Death blossom: The tendency of Iraqi security forces, in response to receiving a little fire from the enemy, either to run away or do the "death blossom," spraying fire indiscriminately in all directions. The term originated in the 1984 movie "The Last Starfighter" as a maneuver in which a single starfighter single-handedly can wipe out an entire armada.

DFAC [Dining FACility]: A DFAC is where you eat. Soldiers eat in a dining facility, or DFAC (pronounced dee-Fak). Old soldiers show their age when they call it a "chow hall," and if you say "mess hall,'' it also dates you. DFACs are modern-looking cafeterias; some are decorated with sports memorabilia, movie posters and televisions with channels like ESPN.

Dirt sailor: A member of the Navy's Construction Battalions (Seabees). In Iraq, a sailor playing a part that is not a normal Navy role.

Drive on: The ethos of soldiers and Marines. It can be summed up as, "Just keep on goin'." Usually used in the phrase, "Suck it up and drive on."

FOB: Forward operating base.

FOB taxi: Any vehicle that never leaves the FOB.

Fobbit: Service member who never goes outside the wire off the forward operating base.

FRAGO: Fragmentary order. Fragmentary order is an abbreviated form of an operation order (OPORD), usually issued on a day-to-day basis, which eliminates the need for restating information contained in a basic operation order. FRAGOs do not take the place of an OPORD. A FRAGO determines timely changes to an existing order. The important point here is that a frag order is issued based on the basic operation order and is not a "stand-alone" directive. It normally will state the changes from the basic order, such as enemy situation and new taskings. A more formal decision-making process may be required before issuing a FRAGO, especially if a major adjustment to the operation order is needed.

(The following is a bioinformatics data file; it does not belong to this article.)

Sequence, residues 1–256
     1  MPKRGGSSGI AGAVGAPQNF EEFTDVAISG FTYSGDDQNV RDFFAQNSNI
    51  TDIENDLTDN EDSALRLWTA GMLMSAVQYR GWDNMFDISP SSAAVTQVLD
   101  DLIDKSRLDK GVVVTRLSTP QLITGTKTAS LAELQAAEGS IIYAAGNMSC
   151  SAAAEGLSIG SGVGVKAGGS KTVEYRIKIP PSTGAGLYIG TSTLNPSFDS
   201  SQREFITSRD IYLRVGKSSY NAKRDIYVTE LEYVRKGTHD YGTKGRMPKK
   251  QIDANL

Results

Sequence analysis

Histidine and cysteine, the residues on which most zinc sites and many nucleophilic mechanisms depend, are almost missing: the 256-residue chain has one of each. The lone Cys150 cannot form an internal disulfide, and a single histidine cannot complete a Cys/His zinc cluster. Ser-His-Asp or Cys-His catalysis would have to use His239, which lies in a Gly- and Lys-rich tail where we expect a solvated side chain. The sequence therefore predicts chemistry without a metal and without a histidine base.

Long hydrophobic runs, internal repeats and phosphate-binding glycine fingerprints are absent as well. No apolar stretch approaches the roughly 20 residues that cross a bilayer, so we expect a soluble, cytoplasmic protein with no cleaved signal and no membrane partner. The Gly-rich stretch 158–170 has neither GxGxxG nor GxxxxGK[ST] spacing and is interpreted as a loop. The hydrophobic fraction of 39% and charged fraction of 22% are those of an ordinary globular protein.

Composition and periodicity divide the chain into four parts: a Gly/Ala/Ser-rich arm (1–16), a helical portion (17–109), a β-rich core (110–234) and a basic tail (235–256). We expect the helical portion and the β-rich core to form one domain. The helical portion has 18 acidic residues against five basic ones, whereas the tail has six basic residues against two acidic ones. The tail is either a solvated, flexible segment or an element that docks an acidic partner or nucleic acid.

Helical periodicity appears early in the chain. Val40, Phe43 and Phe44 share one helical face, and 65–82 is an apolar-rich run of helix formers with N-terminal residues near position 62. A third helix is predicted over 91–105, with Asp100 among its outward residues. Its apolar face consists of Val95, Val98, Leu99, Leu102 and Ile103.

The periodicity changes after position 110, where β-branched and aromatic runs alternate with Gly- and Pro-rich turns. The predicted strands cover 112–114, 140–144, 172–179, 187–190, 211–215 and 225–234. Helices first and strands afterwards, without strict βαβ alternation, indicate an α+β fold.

Frankenstein: A Marine Corps monster truck, bulging and rippling with spot-welded seams of add-on armor. "We scrounge around for what we need and 'Frankenstein' it together."

Green Zone: Heavily guarded area with several former Presidential Palaces in central Baghdad where U.S., coalition and Iraqi authorities live and work. Much of the rest of Iraq is the "red zone."

Grunt: Infantryman.

Gun truck: An armored and heavily armed vehicle used for convoy security.

GWOT: Global War on Terrorism.

Haji: 1. Arabic word for someone who has made the pilgrimage to Mecca; 2. Used by the American military for an Iraqi, or anyone of Arab descent, or even of a brownish skin tone, be they Afghanis or even Bangladeshis; 3. The word many soldiers use derogatorily for the enemy.

Haji armor: Improvised armor installed by troops hiring Iraqis to update the vehicles by welding any available metal to the sides of Humvees.

Haji mart: Any small store operated by Iraqis to sell small items to Americans.

Haji patrol: 1. Escort detail; 2. Local national unit also is referred to as the Haji patrol, with all the projects that are being performed by the local nationals.

Haji shop: Even the smallest base has some form of what soldiers call a "haji shop," or in more politically correct terms, a shop run by locals. Frequently near the PX, the "haji" shop would sell everything from cigarettes to knock-off sunglasses and pirated DVDs.